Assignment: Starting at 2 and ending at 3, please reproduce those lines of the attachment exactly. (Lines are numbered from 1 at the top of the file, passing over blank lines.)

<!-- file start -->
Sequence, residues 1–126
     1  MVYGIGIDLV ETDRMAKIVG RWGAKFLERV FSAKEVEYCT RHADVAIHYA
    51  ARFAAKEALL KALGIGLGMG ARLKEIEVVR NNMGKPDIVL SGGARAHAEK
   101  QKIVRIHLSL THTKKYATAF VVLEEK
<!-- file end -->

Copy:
     1  MVYGIGIDLV ETDRMAKIVG RWGAKFLERV FSAKEVEYCT RHADVAIHYA
    51  ARFAAKEALL KALGIGLGMG ARLKEIEVVR NNMGKPDIVL SGGARAHAEK